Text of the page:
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Naxos Island Cyclades Greece - A Journey Back in Time

Updated on August 10, 2017
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Philip retired from investment banking to write. To date he has written 9 books on trading forex, 3 short stories, and one poetry book.

Naxos

Naxos is a Greek island, the largest of the Cyclades island group in the Aegean Sea. It has a large fertile landscape which spans mountain villages, ancient ruins and long stretches of beach. The centre of the island is flat farmland whilst the east, north and west of the island has mountain slopes coming down to the sea. The south of the island has the best sandy beaches. The capital is called Naxos Town but it is more commonly called Hora spelt Chora. It is a port town full of whitewashed houses typically in the Cyclades famous cube shaped style except for some beautiful Venetian architecture and medieval Venetian mansions. Kastro, in the Naxos town is a 13th century hilltop castle. It boasts a wonderful archaeological museum.

Area of Naxos: 429.8 km²

Population of Naxos: 18,904 (2011)

Pop. density of Naxos: 44 /km2 (114 /sq mi)

Our Ride
Our Ride
First Greek Salad of the Holiday
First Greek Salad of the Holiday
Approaching Mykonos
Approaching Mykonos

Tuesday 27th June 2017

We were up with the larks at the crack of dawn to drive to APH parking facility ready for transfer to Luton Airport and our flight to Mykonos. Four in the morning is much too early to be driving along the M1, but at least we didn’t encounter any holdups. Once at the airport we could get a drink and something to eat before our flight. After an uneventful flight on Easyjet, we arrived in Mykonos in the blazing sunshine, both armed with a back-pack and pulling a shared suitcase behind us. We immediately looked for the bus stop for busses to the port and only had a short while to wait before dragging our baggage onto the bus. Within half an hour we were at the port, already feeling the effects of a much too hot day. After we had established where the ferry departed from and confirmed the time, we walked into the small port village and found a lovely Taverna for our first Greek salad of the holiday and our favourite Mythos beer. We were able to chill in the shade for a couple of hours before once again dragging our baggage to the port side for the ferry.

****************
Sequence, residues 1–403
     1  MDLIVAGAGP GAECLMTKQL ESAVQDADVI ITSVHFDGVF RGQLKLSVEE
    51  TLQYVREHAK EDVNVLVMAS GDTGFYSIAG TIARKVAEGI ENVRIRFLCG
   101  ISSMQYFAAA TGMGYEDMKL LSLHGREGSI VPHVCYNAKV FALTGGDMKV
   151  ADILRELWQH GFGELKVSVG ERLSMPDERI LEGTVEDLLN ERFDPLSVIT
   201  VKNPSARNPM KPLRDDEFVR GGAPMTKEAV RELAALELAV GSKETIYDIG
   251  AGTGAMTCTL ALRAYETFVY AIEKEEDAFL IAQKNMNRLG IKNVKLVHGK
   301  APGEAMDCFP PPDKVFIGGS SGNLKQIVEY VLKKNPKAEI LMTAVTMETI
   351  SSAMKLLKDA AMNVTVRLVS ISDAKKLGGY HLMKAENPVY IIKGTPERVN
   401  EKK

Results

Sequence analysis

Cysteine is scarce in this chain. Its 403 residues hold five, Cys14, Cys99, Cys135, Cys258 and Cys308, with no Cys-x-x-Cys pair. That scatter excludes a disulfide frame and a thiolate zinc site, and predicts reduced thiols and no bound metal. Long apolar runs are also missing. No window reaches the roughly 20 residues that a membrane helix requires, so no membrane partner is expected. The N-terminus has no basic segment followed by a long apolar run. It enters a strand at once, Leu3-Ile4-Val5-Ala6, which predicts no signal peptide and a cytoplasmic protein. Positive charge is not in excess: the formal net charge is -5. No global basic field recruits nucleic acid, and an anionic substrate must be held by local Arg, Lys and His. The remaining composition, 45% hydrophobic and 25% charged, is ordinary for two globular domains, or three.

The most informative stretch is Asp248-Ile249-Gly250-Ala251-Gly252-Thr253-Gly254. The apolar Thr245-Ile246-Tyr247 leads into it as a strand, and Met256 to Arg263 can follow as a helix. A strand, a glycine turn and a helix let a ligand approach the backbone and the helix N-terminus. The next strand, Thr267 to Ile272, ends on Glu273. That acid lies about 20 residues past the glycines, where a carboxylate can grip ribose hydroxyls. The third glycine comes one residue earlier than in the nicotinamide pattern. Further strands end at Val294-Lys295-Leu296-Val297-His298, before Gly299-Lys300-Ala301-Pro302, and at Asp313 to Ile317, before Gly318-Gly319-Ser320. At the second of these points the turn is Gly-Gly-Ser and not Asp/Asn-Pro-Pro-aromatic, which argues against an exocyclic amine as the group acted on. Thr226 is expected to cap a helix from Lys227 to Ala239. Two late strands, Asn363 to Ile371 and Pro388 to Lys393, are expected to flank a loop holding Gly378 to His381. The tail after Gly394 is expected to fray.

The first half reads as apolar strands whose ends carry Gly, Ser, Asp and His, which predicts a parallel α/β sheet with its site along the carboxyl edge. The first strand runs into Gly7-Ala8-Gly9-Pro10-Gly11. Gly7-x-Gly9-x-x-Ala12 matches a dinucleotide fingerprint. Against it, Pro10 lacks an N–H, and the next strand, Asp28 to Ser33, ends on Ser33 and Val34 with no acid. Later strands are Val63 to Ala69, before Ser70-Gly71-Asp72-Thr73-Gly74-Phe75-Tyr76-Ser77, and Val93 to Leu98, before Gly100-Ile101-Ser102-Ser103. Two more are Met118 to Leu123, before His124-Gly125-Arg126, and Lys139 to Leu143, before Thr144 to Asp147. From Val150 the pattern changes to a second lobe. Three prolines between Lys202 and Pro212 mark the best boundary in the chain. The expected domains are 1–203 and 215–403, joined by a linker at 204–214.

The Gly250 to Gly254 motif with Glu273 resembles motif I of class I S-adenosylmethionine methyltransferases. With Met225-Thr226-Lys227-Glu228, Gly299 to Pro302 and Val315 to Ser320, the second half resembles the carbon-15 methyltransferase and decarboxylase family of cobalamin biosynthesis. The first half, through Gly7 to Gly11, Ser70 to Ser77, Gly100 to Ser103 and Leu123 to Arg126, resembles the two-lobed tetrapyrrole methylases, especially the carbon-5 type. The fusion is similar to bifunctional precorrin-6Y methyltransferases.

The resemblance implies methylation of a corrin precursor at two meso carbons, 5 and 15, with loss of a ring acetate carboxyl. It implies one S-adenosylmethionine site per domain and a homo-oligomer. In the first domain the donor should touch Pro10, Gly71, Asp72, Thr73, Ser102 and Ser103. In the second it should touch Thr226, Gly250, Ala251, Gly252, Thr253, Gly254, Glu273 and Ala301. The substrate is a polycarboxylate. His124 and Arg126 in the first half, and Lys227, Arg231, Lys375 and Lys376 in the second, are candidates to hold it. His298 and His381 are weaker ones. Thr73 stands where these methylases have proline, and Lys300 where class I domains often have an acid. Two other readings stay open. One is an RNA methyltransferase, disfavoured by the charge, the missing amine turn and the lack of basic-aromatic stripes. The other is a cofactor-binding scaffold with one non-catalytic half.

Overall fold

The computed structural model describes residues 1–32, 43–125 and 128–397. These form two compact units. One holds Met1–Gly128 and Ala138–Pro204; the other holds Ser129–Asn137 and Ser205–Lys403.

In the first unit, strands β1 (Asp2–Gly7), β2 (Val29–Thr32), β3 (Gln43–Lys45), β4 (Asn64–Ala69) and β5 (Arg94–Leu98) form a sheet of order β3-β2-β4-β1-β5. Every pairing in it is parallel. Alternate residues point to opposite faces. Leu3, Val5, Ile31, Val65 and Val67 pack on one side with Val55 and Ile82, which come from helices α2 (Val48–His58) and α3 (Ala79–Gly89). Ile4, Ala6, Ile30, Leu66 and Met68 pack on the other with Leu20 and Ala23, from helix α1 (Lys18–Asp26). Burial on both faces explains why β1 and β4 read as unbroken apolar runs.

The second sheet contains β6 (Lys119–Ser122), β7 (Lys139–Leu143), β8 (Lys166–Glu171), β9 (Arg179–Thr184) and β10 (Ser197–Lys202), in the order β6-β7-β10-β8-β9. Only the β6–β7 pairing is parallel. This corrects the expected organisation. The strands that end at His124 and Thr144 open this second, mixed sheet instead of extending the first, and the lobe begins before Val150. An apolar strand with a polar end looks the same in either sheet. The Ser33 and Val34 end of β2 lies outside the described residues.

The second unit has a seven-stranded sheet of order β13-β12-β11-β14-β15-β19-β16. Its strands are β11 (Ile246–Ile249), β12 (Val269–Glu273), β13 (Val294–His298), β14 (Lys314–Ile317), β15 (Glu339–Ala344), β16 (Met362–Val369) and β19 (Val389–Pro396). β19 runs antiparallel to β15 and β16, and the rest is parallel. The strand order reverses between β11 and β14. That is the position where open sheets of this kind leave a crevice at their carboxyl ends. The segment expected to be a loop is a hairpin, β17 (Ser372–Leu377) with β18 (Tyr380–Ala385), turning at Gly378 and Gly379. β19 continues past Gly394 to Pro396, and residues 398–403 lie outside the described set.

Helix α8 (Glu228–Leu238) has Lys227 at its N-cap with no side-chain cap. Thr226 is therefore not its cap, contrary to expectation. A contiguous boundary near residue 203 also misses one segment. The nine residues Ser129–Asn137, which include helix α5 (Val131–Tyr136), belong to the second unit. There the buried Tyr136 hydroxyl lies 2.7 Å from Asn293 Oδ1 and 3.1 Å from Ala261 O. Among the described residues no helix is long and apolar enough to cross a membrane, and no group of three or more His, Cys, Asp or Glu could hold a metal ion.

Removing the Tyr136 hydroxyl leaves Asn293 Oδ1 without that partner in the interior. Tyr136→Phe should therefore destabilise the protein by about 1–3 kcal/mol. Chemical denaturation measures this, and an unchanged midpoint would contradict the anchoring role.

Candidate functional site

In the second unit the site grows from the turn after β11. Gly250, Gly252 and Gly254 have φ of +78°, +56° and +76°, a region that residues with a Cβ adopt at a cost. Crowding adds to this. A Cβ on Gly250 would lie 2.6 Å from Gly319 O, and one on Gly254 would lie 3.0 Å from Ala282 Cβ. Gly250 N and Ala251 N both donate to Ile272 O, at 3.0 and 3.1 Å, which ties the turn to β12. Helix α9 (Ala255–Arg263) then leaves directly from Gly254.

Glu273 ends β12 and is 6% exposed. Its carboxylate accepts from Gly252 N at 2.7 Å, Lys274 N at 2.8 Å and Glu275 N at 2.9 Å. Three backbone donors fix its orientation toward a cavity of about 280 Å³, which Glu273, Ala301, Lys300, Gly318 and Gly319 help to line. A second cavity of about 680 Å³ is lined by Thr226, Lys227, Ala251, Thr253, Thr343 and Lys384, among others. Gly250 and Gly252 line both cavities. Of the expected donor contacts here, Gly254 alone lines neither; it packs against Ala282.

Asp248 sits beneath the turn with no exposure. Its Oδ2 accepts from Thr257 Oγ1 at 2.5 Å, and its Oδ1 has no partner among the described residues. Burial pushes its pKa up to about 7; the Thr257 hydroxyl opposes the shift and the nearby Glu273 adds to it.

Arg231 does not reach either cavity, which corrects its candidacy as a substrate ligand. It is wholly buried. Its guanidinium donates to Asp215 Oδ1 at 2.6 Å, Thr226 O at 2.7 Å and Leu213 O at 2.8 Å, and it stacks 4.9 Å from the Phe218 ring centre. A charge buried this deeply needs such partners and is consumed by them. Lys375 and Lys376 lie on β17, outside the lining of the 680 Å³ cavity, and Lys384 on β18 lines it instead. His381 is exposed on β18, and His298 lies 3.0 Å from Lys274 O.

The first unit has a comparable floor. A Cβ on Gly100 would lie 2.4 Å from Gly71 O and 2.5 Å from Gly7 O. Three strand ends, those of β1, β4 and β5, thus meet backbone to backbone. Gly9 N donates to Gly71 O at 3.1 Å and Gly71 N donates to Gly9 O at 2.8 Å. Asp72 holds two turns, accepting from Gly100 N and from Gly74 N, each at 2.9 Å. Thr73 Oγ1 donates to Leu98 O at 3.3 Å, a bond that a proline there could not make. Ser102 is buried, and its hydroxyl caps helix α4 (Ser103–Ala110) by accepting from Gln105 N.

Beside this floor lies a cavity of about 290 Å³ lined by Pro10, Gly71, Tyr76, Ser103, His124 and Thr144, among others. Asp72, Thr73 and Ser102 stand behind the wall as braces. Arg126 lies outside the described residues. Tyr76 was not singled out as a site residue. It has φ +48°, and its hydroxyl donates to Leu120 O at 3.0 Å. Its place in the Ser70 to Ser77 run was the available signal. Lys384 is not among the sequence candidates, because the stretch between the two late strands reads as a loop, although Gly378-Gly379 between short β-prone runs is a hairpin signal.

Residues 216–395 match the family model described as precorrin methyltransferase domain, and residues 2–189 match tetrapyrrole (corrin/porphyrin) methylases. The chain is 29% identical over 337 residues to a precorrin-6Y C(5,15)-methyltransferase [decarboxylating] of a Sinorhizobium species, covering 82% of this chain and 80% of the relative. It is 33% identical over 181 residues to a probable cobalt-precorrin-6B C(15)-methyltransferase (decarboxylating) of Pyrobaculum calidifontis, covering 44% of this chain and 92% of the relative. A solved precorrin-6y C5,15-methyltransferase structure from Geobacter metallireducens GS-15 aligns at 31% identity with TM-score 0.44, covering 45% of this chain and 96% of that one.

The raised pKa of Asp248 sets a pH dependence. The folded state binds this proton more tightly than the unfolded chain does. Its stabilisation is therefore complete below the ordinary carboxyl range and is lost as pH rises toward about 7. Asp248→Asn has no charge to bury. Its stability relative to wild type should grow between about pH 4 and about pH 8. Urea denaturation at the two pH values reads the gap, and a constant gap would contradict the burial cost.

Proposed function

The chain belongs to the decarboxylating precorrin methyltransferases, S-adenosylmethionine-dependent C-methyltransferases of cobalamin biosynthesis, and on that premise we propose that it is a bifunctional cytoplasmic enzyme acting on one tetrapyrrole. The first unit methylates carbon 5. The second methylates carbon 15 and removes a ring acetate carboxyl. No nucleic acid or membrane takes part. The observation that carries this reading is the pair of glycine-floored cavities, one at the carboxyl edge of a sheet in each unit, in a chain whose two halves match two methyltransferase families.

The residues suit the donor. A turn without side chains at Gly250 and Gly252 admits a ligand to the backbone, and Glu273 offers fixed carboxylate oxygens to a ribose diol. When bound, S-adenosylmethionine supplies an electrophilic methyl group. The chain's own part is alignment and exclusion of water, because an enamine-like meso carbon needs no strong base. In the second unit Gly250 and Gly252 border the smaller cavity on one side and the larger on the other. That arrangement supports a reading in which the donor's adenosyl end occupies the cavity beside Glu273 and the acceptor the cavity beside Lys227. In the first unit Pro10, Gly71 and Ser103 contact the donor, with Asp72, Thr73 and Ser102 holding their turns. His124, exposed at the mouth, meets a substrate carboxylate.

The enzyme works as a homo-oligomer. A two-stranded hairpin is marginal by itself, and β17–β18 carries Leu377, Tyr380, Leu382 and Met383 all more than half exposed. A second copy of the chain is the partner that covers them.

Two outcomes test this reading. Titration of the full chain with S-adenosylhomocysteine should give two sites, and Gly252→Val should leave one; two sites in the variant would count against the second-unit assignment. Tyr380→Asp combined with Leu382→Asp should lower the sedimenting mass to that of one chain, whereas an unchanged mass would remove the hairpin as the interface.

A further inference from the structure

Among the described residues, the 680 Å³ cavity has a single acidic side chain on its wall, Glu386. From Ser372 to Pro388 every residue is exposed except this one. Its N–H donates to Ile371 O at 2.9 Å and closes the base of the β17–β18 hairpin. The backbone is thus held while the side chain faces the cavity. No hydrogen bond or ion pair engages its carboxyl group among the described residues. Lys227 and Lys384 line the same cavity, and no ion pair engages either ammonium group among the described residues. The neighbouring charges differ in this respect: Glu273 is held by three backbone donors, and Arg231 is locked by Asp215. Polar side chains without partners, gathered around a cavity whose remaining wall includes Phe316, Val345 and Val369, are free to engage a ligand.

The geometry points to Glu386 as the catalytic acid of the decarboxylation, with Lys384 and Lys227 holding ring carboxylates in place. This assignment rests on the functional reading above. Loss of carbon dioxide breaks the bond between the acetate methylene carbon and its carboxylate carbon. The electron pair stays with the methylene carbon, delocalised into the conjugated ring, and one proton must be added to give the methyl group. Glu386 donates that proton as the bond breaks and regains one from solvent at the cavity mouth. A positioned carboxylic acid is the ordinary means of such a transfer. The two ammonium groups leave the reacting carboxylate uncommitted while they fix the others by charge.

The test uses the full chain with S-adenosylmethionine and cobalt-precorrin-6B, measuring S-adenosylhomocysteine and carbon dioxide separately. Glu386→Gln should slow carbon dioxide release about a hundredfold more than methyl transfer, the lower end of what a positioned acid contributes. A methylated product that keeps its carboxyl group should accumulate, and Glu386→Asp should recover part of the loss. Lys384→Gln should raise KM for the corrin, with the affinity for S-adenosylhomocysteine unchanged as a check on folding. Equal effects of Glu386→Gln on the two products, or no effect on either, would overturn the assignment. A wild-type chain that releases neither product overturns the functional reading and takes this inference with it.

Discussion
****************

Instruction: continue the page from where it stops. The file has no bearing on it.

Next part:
Our next stop was Paros, where some visitors left and more embarked for the onward journey to Naxos. By this time, it was getting late, partly due to the time difference between Greece and England which added an extra two hours on. After disembarking we walked along the sea front in search of the car rental shop, and it was of course at the opposite end to the ferry port. Once the paperwork had been completed we had to drag our baggage, yet again, in search of our hire car which was parked in a huge car park, armed only with a car registration number and with the added problem that darkness had fallen. I left Susan with the baggage and went off to search for the car, fortunately I was successful. We loaded up and hit the road, following the little map from the car hire shop and trying to follow the one-way system out of town.

Once we left the town it was just a matter of following the coast road North up the entire length of the island to a small resort at the top right-hand side of the island called Apollonas. We had been told the journey would take about an hour, so was bearing this in mind during the journey. The road was not exactly the M1 and twisted and turned along the coast, passing through small villages on the way, sometimes disappearing into a dirt track and not very well sign posted. We were beginning to think we had passed our destination as we had driven for well over an hour, were tired and being dark it was difficult to see anything. Eventually we saw the much-welcomed sign for Apollonas. We then had to turn back onto ourselves to drive downwards towards the heart of the village and the sea from the mountain road. We slowly drove through the village, down narrow streets between whitewashed houses looking for a sign to our hotel. Suddenly on the side of a building we saw a sign for Hotel Kouros and arrow pointing to the right downhill.